Why did Elinor Curry agree to marry him?

Why did they get divorced?

All of them lived. All of them ate, and drank, and laughed, and maybe even loved, and lay awake at night, unable to sleep, worried about the future, got up in the morning, bleary-eyed, took a shit in the manner appropriate to their culture, station, and situation, ate meals which likewise suited them, and all of them almost, almost, almost disappeared.

But not quite.

“He took some informal guitar lessons in his twenties from a Spaniard he met next to a local tennis court. After a few weeks, he picked up a flamenco chord progression. When the man failed to appear for their fourth lesson, Cohen called his landlady and learned that the man had killed himself. In a speech many years later, in Asturias, Cohen said, ‘I knew nothing about the man, why he came to Montreal . . . why he appeared at that tennis court, why he took his life. . . . It was those six chords, it was that guitar pattern, that has been the basis of all my songs, and all my music.’”
The New Yorker

A Moral Dilemma

Case A: “If you move, I swear to God, I will shoot you!”

Assuming that the speaker is a Christian (and between 70 and 80% of Americans are, so it’s a safe, if not ironclad assumption), they’re probably in a bit of trouble with God, as Matthew 5:34 teaches us that Christians aren’t supposed to “swear an oath at all: either by heaven, for it is God’s throne”.

But there’s a second problem.

A knottier one.

Let’s say that the person being spoken to moves, but in a non-threatening, compliant way, perhaps by assuming a submissive posture. Alternatively, the person with the gun could receive assistance from a third party, thus rendering use of the firearm unnecessary.

Has the gun-wielder compounded his sin by not firing, thus breaking his oath?

Case B: “If you move, I swear to God, I will kill you!”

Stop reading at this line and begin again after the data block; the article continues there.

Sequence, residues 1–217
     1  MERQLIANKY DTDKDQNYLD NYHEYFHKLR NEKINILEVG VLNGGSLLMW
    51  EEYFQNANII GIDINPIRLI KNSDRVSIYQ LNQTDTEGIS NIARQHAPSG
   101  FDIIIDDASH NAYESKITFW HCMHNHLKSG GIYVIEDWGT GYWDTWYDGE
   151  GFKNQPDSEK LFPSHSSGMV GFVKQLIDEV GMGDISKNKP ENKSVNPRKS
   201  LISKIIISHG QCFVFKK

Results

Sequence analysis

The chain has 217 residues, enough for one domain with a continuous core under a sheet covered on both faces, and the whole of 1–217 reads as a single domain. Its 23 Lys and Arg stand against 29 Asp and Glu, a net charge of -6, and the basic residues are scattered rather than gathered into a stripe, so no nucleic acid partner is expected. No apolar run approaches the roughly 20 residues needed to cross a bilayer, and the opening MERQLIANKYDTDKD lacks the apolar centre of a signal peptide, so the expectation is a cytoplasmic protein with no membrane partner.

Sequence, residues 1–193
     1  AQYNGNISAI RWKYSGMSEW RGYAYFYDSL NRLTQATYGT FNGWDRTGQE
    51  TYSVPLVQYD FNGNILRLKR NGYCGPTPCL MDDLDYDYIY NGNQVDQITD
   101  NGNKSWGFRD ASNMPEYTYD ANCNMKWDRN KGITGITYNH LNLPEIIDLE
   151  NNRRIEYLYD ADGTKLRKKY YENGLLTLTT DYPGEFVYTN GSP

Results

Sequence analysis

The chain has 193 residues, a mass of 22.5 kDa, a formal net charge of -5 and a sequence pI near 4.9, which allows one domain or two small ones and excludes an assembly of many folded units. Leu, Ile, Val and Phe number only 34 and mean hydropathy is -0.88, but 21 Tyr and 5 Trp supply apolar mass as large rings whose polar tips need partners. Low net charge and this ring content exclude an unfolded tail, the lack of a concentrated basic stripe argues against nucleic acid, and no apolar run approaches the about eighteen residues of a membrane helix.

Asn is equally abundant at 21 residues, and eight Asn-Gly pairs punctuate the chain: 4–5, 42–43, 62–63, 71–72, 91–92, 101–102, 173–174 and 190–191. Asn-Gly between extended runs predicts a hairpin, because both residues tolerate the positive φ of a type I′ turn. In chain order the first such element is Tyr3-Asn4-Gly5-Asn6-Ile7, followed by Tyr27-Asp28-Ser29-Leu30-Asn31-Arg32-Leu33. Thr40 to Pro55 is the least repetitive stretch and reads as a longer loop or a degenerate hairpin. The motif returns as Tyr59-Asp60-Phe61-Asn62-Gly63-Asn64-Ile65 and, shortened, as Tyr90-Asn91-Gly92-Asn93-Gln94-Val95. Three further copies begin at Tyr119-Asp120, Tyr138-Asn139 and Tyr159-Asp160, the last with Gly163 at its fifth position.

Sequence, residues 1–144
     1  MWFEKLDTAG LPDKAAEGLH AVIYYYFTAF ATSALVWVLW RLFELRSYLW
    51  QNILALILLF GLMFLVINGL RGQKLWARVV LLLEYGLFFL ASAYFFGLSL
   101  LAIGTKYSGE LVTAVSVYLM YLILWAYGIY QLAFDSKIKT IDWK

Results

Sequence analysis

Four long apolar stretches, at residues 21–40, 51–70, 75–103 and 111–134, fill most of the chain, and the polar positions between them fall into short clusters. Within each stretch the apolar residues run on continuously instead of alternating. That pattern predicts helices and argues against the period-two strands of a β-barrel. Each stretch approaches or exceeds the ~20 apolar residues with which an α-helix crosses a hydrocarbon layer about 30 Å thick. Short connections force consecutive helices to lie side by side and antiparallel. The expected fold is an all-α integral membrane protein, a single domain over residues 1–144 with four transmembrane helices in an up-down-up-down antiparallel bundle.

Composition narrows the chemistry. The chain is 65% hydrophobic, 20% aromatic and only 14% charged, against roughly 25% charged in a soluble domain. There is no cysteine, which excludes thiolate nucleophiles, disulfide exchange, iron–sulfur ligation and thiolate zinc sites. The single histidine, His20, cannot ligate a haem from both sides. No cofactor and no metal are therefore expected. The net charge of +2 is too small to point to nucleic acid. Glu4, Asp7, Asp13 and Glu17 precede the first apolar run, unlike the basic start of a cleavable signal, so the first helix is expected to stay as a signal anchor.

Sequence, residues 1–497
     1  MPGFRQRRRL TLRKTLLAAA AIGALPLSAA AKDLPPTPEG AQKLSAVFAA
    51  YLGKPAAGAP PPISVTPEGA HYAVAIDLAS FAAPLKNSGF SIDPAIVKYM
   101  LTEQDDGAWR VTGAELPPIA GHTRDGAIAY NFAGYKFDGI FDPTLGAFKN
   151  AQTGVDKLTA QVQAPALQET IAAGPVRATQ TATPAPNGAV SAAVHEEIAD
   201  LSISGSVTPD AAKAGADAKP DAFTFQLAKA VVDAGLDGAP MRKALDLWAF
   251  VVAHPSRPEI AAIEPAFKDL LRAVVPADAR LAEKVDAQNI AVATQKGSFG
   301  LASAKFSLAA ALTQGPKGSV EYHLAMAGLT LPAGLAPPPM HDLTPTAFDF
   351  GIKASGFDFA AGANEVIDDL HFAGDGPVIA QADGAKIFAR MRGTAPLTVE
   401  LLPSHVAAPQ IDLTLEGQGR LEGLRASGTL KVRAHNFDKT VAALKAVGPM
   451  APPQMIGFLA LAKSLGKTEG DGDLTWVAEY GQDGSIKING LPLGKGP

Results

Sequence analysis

This looks pretty much the same as Case A, but there’s an additional complication. The person being threatened moves, and the gun-wielder fires, striking their target center mass. The injured party slumps to the ground and ceases all motion, and when the shooter carefully checks for a pulse, he doesn’t feel one.

Then the ambulance arrives, and the medics heroically patch the wound the wound and perform CPR all the way to the hospital, where the doctors are able to resuscitate the shooting victim.

Did the shooter fulfill his oath when the victim fell to the ground, apparently without a pulse, or have the actions of the doctors, through no fault of his own, caused him to break his oath?

And which does God view as the greater sin; Killing a man, or breaking an oath?

And if it’s the latter, can he fulfill his oath and get square with God by later hunting down and killing the person he initially only seriously wounded?

Need answer fast.

One Night Stand

She helped him into his coffin as the sky to the east began to brighten. “See you tonight, my love” she said, but he made no response.

“Well,” she huffed, “that was rather rude, and after all I just let you do with, no, not with, to me.” A part of her knew that this close to sunrise, he was dead on his feet, bedroom exercises or not, but that part was burned out by the white hot rage flaring its way up from her core. She’d been a fool, a damn fool, to think that a vampire would be any more considerate than a human man. Men, vampires, werewolves, shoggoths, deep down they all turned out to be the same in the end: Selfish, inconsiderate scum.

“Let’s see how you look with a tan, you bloodsucking bastard!” she screamed, and began to drag the coffin up the stairs of the cellar, into the rapidly brightening world above.

Work in Progress: Battle Language

I’m not sure exactly where this is going, but it’s triggering lots of good ideas.

My stomach growled as I pushed the plastic curtain of the stall aside and thumped myself down onto one of the calf-high stools that lined the counter. There was an English menu, at least, but I went cold when the cook crawled into view.


Holding a big fucking knife in her medial claw.


Then I noticed the markings on her carapace, so I carefully reached over and pulled up my sleeve to show the tattoo of a winged octupus, twin to the one scarred into her thorax plate. She made the grating noise that I recognized as Knarlanti laughter, and placed the knife down between us.

“Ghaz!” It felt strange to be using BL to order in a restaurant, but that was the only thing we’d both be able to understand. Still, manners. “Ghaz, tchukru!”

Rations, shipmate!